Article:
Morale of foreign women a concern for IS as it tries to attract females from abroad to marry Islamist fighters, populate territory it holds

Video US Lawmakers Urge Tough Stance as Iran Nuclear Talks Resume

Iran's supreme leader has suggested Tehran would never grant weapons inspectors access to military sites

US Senate Panel Approves 'Fast Track' for Pacific Trade Pact

Bill now goes to full Senate, where furious debate is expected; Trade Promotion Authority viewed as critical for approving Trans-Pacific Partnership involving US, 11 other nations

Video Republican Challengers Focus on Clinton

Hillary Clinton may not have any rivals for Democratic presidential nomination as yet, but she is getting plenty of fire from eager Republican hopefuls

Video US Businesses See Cuba as New Frontier

The Obama administration's opening toward Cuba is giving U.S. companies hope they'll be able to do business in Cuba despite the continuation of the U.S. economic embargo against the communist nation. Some American companies have been able to export some products to Cuba, but the recent lifting of Cuba's terrorism designation could relax other restrictions. As VOA's Daniela Schrier reports, corporate heavy hitters are lining up to head across the Florida Straits - though experts urge caution.

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Study: Insecticide Damaging Wild Bee Populationsi
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April 24, 2015 10:13 PM
A popular but controversial type of insecticide is damaging important wild bee populations, according to a new study. VOA’s Steve Baragona has more.
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Video Study: Insecticide Damaging Wild Bee Populations

A popular but controversial type of insecticide is damaging important wild bee populations, according to a new study. VOA’s Steve Baragona has more.
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Video Data Servers Could Heat Private Homes

As every computer owner knows, when their machines run a complex program they get pretty hot. In fact, cooling the processors can be expensive, especially when you're dealing with huge banks of computer servers. But what if that energy could heat private homes? VOA’s George Putic reports that a Dutch energy firm aims to do just that.
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Video Cinema That Crosses Borders Showcased at Tribeca Film Festival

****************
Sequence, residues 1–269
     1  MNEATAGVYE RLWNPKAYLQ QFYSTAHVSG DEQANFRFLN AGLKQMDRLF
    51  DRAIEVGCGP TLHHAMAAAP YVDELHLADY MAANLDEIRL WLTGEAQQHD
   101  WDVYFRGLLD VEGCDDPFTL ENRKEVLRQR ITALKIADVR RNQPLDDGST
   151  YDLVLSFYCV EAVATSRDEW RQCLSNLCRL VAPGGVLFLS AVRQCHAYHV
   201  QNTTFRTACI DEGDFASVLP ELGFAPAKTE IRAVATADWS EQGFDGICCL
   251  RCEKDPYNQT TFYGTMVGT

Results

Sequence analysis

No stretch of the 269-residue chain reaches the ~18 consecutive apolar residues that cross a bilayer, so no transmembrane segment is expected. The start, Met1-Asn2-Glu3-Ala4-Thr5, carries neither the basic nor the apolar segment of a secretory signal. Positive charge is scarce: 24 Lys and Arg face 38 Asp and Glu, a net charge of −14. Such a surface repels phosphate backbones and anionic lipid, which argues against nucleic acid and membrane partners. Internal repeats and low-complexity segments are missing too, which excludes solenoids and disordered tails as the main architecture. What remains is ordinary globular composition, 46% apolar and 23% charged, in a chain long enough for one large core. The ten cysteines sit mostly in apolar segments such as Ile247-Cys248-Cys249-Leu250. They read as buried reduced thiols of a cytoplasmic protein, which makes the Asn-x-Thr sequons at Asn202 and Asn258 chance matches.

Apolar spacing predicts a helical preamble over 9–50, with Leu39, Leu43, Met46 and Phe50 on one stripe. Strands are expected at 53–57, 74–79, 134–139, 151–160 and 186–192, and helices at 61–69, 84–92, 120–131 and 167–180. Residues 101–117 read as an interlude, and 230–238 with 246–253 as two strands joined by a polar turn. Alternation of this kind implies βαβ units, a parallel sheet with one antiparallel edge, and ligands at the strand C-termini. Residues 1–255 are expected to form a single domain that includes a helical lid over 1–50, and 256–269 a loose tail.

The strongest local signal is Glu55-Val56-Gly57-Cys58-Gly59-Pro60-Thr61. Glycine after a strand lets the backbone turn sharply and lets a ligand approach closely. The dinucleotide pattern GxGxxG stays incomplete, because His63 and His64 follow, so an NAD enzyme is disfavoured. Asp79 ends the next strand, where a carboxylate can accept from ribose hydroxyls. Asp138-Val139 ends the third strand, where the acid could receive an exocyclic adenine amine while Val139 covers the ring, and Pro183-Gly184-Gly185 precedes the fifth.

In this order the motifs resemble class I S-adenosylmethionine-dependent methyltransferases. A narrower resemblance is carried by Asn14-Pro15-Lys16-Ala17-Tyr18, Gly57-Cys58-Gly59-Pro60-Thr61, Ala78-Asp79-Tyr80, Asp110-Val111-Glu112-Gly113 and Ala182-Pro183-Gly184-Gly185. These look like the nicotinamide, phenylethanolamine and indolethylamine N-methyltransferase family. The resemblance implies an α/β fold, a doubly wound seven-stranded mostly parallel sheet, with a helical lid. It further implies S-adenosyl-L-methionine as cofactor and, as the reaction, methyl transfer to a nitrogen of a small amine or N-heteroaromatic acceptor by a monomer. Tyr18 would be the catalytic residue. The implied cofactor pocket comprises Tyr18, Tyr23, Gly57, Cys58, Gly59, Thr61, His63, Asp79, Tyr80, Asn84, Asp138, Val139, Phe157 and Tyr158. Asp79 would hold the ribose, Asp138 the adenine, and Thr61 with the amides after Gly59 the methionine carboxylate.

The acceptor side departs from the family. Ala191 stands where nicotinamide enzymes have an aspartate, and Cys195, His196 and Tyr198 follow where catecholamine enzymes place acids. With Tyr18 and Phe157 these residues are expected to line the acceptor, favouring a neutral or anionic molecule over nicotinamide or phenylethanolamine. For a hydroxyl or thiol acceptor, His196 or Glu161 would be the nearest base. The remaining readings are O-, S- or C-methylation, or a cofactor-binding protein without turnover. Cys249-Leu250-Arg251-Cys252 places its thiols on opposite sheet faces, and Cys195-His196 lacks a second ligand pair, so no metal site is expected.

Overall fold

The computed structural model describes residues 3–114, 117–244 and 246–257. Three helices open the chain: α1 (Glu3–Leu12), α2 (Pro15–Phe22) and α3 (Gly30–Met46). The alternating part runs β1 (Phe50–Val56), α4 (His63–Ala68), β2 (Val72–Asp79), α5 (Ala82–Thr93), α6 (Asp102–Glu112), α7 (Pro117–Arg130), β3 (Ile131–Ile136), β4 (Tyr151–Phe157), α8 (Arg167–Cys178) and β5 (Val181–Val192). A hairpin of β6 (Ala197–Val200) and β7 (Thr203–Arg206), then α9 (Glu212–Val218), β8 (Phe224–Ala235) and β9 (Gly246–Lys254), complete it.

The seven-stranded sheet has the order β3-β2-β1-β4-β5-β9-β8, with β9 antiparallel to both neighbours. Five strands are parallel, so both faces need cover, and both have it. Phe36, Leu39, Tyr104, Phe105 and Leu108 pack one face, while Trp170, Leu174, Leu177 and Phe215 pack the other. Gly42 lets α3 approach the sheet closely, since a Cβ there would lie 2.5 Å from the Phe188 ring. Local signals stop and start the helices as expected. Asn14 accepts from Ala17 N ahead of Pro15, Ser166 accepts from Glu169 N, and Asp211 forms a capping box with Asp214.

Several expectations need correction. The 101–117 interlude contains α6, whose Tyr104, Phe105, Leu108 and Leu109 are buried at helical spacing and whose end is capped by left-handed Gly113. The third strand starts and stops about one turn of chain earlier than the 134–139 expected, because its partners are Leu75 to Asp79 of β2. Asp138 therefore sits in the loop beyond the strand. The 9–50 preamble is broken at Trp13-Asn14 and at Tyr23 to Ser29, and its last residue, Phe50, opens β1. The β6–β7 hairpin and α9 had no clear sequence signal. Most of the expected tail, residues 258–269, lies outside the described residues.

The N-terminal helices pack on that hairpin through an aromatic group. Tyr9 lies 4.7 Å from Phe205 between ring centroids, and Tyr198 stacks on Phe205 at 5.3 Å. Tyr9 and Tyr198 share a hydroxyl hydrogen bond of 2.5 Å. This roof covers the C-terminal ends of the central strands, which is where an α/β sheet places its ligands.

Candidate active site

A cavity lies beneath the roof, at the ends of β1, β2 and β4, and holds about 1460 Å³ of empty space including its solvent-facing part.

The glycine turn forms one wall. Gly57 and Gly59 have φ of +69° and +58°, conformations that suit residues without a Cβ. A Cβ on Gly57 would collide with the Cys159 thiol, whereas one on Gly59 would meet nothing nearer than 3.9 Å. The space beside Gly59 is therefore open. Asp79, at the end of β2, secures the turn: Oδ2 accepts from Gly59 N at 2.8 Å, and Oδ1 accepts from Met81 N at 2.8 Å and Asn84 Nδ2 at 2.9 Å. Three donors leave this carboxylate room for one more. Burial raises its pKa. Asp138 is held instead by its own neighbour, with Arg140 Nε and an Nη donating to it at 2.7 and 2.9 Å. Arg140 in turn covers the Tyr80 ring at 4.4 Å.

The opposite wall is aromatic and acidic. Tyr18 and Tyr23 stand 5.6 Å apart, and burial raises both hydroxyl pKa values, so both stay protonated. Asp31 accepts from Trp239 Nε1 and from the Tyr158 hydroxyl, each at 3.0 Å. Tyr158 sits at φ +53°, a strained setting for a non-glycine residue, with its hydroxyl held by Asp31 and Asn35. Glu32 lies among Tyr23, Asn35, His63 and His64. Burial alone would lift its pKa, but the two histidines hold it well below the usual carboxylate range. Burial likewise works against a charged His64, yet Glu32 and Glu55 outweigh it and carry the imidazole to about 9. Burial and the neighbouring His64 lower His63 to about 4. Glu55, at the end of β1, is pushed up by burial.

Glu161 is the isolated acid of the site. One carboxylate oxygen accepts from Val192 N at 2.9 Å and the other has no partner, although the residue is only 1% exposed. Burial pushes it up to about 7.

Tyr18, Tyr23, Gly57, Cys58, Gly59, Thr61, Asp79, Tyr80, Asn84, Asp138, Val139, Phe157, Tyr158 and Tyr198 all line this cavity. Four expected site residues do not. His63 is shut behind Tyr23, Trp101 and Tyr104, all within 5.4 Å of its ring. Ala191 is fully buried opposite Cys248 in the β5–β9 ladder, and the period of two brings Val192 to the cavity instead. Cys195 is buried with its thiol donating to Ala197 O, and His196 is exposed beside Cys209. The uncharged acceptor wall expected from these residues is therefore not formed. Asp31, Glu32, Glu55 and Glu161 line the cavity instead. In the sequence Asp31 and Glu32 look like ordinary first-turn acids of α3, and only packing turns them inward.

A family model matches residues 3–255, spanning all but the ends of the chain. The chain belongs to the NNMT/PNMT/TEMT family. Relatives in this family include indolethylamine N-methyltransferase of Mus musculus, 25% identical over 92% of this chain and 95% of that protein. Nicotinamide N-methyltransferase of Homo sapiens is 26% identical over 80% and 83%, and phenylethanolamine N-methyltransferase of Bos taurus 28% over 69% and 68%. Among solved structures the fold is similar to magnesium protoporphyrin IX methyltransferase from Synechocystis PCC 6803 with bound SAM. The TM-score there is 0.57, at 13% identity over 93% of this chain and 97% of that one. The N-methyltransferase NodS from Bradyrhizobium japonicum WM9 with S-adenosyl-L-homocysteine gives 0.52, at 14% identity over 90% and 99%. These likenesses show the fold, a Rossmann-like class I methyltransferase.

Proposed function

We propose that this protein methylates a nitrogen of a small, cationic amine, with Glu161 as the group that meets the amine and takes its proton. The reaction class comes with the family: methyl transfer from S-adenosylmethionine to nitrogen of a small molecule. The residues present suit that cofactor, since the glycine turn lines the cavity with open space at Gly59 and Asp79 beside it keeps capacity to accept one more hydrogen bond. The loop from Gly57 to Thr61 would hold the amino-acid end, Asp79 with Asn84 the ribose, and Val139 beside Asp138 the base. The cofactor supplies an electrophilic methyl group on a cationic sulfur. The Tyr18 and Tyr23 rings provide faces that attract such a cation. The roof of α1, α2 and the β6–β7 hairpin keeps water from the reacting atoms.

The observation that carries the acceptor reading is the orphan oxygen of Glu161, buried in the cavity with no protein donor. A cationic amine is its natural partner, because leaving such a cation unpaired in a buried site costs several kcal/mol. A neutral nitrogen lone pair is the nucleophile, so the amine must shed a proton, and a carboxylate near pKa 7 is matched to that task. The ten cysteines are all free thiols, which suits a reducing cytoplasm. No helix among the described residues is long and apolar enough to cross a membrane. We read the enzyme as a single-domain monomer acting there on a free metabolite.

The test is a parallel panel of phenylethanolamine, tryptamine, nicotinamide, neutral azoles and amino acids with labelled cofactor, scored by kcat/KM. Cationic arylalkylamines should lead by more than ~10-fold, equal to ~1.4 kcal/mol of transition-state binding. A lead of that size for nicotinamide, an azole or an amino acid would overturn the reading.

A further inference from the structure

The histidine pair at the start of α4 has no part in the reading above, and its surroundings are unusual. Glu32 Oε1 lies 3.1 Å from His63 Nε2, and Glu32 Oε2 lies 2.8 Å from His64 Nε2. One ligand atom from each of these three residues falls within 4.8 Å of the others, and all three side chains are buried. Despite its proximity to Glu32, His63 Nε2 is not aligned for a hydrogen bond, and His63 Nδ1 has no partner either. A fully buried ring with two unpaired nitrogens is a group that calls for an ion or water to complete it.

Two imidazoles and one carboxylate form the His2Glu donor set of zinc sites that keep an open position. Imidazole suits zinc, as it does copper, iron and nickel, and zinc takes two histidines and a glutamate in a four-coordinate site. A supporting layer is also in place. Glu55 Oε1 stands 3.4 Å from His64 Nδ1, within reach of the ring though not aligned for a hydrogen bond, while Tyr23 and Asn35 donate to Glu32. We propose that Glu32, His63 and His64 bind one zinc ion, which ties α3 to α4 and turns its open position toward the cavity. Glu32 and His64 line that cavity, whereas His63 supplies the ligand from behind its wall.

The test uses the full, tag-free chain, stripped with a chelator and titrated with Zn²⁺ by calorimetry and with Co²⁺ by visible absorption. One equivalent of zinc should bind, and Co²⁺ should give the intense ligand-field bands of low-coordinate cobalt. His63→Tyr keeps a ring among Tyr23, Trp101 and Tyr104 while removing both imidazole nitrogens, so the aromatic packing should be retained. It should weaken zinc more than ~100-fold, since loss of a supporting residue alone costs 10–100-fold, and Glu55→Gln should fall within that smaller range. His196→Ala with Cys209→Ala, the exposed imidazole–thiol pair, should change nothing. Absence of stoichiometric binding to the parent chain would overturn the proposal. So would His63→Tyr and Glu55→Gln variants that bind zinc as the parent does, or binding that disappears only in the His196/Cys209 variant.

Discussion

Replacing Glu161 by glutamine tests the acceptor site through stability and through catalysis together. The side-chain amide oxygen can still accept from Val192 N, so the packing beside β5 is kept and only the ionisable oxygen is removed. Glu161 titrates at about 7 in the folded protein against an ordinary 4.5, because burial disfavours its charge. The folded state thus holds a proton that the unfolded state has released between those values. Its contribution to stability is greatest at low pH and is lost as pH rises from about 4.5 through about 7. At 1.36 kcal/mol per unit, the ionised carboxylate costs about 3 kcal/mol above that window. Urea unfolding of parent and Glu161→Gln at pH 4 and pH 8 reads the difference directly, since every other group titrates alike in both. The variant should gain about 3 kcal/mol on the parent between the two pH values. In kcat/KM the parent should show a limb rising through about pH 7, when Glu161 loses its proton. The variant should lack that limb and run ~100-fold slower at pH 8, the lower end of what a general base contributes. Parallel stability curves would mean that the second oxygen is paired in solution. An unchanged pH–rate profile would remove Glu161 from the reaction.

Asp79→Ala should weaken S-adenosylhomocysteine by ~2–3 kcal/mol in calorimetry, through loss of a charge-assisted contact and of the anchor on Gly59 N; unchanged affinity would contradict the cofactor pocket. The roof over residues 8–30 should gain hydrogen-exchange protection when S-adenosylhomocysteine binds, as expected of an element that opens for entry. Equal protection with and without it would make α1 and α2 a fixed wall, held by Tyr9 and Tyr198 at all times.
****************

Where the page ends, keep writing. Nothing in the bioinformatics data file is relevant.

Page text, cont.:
Among the nearly 100 feature length films being shown at this year’s Tribeca Film Festival in New York City are more than 20 documentaries and features with international appeal, from a film about a Congolese businessman in China, to documentaries shot in Pakistan and diaspora communities in the U.S., to a poetic look at disaffected South African youth. VOA’s Carolyn Weaver has more.
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Video UN Confronts Threat of Young Radicals

The radicalization and recruitment of young people into Islamist extremist groups has become a growing challenge for governments worldwide. On Thursday, the U.N. Security Council heard from experts on the issue, which has become a potent threat to international peace and security. VOA’s Margaret Besheer reports.
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Video Growing Numbers of Turks Discover Armenian Ancestry

In a climate of improved tolerance, growing numbers of people in Turkey are discovering their grandmothers were Armenian. Hundreds of thousands of Armenians escaped the mass deportations and slaughter of the early 1900's by forced conversion to Islam. Or, Armenian children were taken in by Turkish families and assimilated. Now their stories are increasingly being heard. Dorian Jones reports from Istanbul that the revelations are viewed as an important step.
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Video Migrants Trek Through Western Balkans to Reach EU